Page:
Reading: Concrete Slab Floors by Dick Clarke

Concrete floors are a very versatile flooring alternative and with the help of current design magazines are becoming increasingly popular in the wider Built Environment.

Concrete floors have a high thermal mass, which helps to regulate internal comfort by radiating, absorbing heat, creating a heating or cooling effect.

Slabs should be designed to absorb the heat from the sun, that will continue to be radiated for a number of hours. But at the same time, the slab should be exposed to cool night breezes to dissipate the amount of heat collected during the day.

To control cracking, a number of factors should be considered:

Size of slab: If is large or has two separate parts, control and or movement joints will be needed.

Proper preparation of foundations: to prevent settlement cracking

Curing: (28 days) will help reduce surface cracking. With the first 3 – 7 days being critical to the overall strength of the slab.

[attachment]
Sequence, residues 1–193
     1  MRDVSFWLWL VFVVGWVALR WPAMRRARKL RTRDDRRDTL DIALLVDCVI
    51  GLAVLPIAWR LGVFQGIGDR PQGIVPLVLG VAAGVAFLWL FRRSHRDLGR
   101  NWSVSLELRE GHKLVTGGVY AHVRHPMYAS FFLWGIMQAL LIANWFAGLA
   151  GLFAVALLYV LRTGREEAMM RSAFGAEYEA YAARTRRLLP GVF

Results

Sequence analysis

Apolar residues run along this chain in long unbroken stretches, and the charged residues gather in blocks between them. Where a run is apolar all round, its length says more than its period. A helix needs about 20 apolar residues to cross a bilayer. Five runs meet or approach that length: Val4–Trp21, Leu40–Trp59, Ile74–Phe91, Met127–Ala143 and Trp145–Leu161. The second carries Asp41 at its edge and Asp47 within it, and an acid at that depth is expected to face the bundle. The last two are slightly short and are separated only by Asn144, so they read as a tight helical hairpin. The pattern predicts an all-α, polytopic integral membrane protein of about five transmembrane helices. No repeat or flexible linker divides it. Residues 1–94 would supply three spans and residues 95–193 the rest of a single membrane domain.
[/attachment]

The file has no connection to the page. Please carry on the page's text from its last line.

Addition of water: Excess water added to the mix prior to placing will create dusting & reduce the strength of the slab.

Placing & Compaction: inadequate placing & compaction will result in a lower strength & a honeycomb texture, which will lead to increased cracking.

Although slab on ground construction is more thermally efficient, a suspended slab can be a suitable way to gain the advantage of thermal mass on a steep site. Typical pole frame construction can be adapted easily to incorporate a slab.

Balconies extended from the main slab of the house may act as cooling or heating fins, carrying precious warmth away to the cold exterior in winter, or transferring heat from the summer sun inside.

Sound Management Design Techniques:

Dropped Bulk heads

Parts of the floor plan can be designed to be closed off

Absorbent materials on the wall panels

Treatments of concrete:

Tiled

Polished Concrete: this requires regular buffing to maintain the sheen

Coloured Concrete

Insertion of Terazzo Glass through concrete

Recycled Content in Slabs:

Crushable concrete can instead be recycled to make economic and ecological savings.

Replacing a proportion of the cement with waste products such as fly ash, slag and silica fume can significantly reduce embodied energy and greenhouse gas emissions.

Use of crushed concrete from demolition as aggregate, as well as the use of slag aggregates and manufactured sands to replace natural stone and sand within concrete, decreases landfill, reduced embodied energy and can be low-cost.

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